The liberality of Mr. Money, in presenting the Society with a valuable transit instrument, affords some hopes of seeing at no very distant time the foundation of an observatory, the want of which at so considerable a naval and commercial station as Bombay, has long been regretted. The right honourable the Governor in council has shown his willingness to forward a plan, which has the improvement of scientific and nautical knowledge for its object, by recommending to the Court of Directors a communication made on the subject by the Literary Society of Bombay.

On the 27th June 1815, a translation made by Dr. John Taylor from the original Sanscrit of the Lilawati (a treatise on Hindu arithmetic and geometry) was read to the Society. The Lilawati being a work which has frequently been called for by men of science in Europe, and it being desirable, for the sake of accuracy, that it should be printed under the eye of the learned translator, it was resolved that the work should be immediately printed at the expense of the Society, under Dr. Taylor's superintendence; and it has already made considerable progress in its way through the press.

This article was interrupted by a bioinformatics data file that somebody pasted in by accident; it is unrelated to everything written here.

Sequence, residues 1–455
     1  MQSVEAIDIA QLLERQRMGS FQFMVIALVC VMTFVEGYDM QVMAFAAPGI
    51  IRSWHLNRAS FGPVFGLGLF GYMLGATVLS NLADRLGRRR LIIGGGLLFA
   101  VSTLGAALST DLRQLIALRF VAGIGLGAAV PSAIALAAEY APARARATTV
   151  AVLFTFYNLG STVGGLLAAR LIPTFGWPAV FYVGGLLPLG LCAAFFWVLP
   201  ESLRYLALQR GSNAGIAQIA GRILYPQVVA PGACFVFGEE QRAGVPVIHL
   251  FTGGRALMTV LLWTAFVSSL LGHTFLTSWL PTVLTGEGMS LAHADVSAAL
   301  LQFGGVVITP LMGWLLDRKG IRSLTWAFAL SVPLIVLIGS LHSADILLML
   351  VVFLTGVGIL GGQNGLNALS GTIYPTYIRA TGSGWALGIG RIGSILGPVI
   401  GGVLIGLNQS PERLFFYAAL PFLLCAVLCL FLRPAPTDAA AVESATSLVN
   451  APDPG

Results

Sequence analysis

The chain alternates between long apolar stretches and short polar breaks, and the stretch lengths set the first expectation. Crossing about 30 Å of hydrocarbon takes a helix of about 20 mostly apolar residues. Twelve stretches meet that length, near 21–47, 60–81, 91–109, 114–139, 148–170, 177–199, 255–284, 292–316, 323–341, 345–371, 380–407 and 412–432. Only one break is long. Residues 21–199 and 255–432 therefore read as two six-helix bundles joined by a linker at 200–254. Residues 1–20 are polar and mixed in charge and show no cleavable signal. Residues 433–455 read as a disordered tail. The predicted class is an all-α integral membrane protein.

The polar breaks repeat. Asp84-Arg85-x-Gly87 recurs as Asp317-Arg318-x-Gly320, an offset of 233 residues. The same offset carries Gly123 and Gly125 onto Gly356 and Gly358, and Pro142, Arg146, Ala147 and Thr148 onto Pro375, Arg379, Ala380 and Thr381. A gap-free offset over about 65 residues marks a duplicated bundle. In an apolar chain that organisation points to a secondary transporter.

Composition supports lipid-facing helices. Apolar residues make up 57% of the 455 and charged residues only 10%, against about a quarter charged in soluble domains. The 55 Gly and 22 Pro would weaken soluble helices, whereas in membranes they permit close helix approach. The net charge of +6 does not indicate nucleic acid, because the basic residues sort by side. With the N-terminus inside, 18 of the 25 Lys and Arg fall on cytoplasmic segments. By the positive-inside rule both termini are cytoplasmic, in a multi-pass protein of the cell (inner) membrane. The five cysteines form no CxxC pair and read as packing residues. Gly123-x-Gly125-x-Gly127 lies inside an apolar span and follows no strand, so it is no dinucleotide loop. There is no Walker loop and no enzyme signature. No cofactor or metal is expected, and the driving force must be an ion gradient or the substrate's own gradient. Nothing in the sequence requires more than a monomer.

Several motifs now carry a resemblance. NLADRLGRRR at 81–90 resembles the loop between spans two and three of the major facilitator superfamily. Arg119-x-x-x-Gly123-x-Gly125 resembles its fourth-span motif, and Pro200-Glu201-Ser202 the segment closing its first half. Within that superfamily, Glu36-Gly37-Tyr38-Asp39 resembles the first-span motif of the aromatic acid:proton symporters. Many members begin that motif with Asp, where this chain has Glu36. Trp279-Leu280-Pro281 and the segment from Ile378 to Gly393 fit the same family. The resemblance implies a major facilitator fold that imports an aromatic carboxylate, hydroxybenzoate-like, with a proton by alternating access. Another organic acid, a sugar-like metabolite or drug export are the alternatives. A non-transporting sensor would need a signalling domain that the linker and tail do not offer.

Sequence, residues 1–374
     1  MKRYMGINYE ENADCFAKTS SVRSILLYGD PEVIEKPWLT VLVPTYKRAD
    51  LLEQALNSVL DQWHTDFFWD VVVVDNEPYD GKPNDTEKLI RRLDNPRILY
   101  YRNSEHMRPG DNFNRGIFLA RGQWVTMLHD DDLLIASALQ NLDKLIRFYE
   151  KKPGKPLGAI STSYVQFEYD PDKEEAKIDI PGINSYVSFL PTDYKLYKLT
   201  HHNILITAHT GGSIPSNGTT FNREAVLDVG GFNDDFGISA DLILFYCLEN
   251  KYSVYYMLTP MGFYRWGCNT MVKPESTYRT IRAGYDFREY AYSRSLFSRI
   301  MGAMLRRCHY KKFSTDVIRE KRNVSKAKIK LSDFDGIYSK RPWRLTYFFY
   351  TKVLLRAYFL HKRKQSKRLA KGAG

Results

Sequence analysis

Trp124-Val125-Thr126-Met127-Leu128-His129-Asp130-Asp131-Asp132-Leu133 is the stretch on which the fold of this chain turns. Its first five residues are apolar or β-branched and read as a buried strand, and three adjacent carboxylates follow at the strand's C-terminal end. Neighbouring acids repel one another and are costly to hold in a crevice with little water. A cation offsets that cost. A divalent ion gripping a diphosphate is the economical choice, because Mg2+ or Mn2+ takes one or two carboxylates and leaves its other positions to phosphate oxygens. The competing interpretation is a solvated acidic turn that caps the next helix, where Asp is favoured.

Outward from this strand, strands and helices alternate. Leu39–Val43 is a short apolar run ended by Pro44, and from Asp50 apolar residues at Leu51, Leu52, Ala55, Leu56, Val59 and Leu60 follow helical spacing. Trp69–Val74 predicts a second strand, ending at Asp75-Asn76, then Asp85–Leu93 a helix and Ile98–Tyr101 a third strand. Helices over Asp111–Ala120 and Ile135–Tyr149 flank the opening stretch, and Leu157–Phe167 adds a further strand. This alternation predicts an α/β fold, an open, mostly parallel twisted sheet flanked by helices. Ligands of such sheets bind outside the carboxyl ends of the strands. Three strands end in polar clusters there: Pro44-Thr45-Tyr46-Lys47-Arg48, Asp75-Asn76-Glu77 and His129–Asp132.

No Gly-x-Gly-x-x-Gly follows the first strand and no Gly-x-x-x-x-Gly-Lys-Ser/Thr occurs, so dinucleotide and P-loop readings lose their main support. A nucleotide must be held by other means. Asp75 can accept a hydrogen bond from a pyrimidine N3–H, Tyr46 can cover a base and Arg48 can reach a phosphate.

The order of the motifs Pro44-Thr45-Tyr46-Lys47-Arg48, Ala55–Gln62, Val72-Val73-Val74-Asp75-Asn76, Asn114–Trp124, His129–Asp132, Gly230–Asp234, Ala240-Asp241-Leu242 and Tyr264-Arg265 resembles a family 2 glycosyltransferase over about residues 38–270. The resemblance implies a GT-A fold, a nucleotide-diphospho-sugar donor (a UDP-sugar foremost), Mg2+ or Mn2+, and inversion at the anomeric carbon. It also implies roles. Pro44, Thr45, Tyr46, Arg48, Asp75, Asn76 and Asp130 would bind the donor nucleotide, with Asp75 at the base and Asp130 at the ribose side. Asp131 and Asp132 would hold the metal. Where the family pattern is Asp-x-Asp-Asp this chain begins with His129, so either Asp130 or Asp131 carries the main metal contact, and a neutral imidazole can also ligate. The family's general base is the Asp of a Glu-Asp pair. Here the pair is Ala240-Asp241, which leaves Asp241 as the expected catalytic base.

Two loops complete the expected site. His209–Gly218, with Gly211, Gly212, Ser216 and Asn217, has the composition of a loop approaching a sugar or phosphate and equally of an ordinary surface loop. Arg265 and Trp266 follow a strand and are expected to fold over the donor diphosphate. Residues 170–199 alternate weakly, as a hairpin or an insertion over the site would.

Of the different papers in the following volume it is not necessary that any thing should be said; the author of each, as is understood in such miscellaneous publications, must be answerable for his separate work.

Bombay,
23d September 1815.

Contents:

Discourse at the Opening of the Society. By Sir James Mackintosh, President
I. An account of the Festival of Mamangom, as celebrated on the Coast of Malabar. By Francis Wrede, Esq. (afterwards Baron Wrede.) Communicated by the Honourable Jonathan Duncan.
II. Remarks upon the Temperature of the Island of Bombay during the Years 1803 and 1804. By Major (now Lieutenant Colonel) Jasper Nicholls.
III. Translations from the Chinese of two Edicts: the one relating to the Condemnation of certain Persons convicted of Christianity; and the other concerning the Condemnation of certain Magistrates in the Province of Canton. By Sir George Staunton. With introductory Remarks by the President Sir James Mackintosh.
IV. Account of the Akhlauk-e-Nasiree, or Morals of Nasir, a celebrated Persian System of Ethics. By Lieutenant Edward Frissell of the Bombay Establishment.
V. Account of the Caves in Salsette, illustrated with Drawings of the principal Figures and Caves. By Henry Salt, Esq. (now Consul General in Egypt.)